Response: The GHG Protocol enables companies to move forwards with scope 3 reporting; it does not disable them, as Enbridge here implies. In each category – including categories 3 and 11 – the Protocol provides potential calculation methodologies, including the use of industry averages and proxy data if necessary. Enbridge also already collects data about the products moving on and off its system because it charges customers for these services.
The GHG Protocol (Appendix B) lays out provisions for sensitivity analyses so that companies like Enbridge can account for different estimates for emissions from the use of products, rather than to use this uncertainty as a reason to not report on these emissions. The GHG Protocol also anticipates companies potentially recalculating base year emissions when making data quality improvements over time.
Enbridge claim: “There is currently no established legal framework for Scope 3 emissions reporting applicable to Enbridge under Canadian or U.S. regulatory regimes.”
Response: While these regimes are in development, it has not stopped many companies reporting their scope 3 emissions, including Suncor, Cenovus, and Occidental. Arguably, scope 3 financed emissions reporting is even more complex in the case of financial companies, yet has been done by TD, BMO, and many others. This is prudent preparation for regulation, but also necessary once a company makes a net zero commitment – as Enbridge has done – to inform accurate decision making.
Enbridge claim: “Publishing data that lacks definition, uniformity and certainty is, at its best, of limited utility to the reader due to lack of comparability and is, at its worst, highly misleading.”
Response: As the discussion of the GHG Protocol above demonstrates, companies routinely use estimates for their scope 3 emissions, incorporating industry averages and proxy data where necessary. The Protocol also anticipates improving data quality over time and recalculating base year emissions where needed. There will never be perfect data, and this should not be used as an excuse to refuse to disclose.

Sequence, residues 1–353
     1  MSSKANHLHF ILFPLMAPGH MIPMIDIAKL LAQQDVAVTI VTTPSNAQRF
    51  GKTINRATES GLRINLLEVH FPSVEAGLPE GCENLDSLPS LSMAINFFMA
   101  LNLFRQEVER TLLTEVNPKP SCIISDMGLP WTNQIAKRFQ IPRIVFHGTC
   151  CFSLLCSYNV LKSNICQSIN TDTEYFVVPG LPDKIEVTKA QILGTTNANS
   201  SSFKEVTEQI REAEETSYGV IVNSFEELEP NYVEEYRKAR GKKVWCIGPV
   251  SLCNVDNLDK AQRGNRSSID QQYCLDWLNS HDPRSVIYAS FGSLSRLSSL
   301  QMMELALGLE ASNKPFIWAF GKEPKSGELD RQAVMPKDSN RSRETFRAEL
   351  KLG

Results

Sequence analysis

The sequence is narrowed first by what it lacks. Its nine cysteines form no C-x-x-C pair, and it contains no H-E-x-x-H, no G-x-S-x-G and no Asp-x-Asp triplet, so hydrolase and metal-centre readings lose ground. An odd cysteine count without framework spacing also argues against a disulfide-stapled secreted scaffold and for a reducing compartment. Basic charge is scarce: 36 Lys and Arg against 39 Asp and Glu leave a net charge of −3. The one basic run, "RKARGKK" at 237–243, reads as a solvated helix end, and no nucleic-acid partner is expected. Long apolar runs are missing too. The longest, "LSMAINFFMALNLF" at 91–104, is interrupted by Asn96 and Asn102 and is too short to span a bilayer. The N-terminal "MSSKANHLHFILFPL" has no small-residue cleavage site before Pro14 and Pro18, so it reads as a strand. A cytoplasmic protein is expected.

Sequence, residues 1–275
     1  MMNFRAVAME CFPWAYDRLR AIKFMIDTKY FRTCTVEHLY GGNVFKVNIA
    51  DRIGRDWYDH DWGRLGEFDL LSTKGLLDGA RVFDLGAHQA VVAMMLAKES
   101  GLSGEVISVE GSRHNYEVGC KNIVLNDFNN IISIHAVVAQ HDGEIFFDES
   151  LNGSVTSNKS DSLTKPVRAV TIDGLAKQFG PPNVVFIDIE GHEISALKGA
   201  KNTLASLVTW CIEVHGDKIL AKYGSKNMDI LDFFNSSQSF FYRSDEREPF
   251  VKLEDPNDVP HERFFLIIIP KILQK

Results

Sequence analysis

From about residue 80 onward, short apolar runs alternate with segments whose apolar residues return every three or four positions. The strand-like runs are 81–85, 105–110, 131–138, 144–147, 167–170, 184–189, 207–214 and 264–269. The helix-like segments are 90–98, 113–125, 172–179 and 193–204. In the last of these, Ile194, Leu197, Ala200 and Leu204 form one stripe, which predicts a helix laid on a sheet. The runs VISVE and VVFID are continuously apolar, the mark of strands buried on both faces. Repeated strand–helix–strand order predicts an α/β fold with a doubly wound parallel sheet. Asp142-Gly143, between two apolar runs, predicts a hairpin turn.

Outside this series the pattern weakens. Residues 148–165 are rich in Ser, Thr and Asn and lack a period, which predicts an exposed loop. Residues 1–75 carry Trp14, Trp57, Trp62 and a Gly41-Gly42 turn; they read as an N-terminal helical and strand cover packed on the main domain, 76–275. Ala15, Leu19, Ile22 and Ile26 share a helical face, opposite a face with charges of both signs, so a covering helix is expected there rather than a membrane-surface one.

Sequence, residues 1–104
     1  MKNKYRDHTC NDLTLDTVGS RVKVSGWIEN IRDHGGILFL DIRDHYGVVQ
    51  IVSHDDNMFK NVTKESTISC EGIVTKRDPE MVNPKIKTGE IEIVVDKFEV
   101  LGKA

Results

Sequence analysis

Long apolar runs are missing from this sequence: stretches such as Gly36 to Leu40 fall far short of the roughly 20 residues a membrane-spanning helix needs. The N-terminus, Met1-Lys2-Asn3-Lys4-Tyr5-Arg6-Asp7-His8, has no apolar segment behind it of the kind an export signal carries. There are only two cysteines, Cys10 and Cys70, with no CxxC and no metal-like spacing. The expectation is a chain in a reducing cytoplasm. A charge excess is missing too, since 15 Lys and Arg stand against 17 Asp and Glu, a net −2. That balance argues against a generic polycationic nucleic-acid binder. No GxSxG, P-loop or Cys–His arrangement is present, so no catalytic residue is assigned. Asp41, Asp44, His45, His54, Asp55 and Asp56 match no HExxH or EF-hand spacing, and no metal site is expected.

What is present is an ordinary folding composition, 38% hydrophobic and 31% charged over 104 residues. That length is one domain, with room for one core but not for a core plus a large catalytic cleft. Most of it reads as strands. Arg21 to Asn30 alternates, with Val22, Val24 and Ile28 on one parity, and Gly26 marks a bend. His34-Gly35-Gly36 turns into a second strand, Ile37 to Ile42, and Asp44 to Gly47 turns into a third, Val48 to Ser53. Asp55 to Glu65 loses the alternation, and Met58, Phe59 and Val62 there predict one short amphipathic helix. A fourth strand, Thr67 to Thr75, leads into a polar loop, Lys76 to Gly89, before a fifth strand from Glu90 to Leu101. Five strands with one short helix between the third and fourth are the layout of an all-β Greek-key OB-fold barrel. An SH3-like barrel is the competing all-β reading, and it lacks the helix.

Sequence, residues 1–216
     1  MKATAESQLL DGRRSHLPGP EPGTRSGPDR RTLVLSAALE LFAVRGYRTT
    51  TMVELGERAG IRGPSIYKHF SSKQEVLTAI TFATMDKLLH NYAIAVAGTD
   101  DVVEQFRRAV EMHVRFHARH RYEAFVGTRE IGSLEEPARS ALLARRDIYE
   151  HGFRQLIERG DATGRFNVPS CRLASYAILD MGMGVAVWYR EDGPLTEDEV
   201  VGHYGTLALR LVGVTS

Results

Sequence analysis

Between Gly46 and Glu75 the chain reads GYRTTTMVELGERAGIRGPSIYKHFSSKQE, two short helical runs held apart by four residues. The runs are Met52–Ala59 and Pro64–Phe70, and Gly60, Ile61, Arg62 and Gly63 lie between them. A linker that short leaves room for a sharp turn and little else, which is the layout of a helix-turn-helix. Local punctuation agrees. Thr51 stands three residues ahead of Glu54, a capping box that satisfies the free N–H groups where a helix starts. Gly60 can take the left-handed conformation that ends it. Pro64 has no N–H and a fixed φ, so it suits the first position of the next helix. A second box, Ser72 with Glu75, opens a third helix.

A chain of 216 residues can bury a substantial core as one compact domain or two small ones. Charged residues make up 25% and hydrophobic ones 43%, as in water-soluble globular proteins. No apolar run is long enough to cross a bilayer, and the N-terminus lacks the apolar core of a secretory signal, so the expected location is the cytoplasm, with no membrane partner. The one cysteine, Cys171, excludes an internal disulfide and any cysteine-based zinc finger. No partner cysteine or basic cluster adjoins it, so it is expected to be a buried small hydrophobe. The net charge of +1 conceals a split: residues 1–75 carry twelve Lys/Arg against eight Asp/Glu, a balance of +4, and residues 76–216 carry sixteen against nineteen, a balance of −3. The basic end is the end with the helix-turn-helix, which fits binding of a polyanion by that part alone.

Enbridge claim: “Unlike the Board, the shareholder proponent does not owe any duty to Enbridge’s shareholders and stakeholders and it is clear, from the language of its proposal and supporting statement, that it has not assessed the risks and consequences of its request in the way that we, the Board of Directors, prudently and dutifully have.”
Response: Prudence and duty would recommend that the Board provide investors with accurate emissions disclosure so that transition risk can be properly evaluated. The Board also has a fiduciary duty to meet Enbridge’s own net zero commitment, and a forthright assessment of emissions and their trends is critical to upholding that duty.
1 We would like to apologize to investors for the presentation of the shareholder proposals in the proxy circular. Enbridge removed paragraph spacing and changed to a smaller, italicized font, making it hard to read, unlike the company’s response.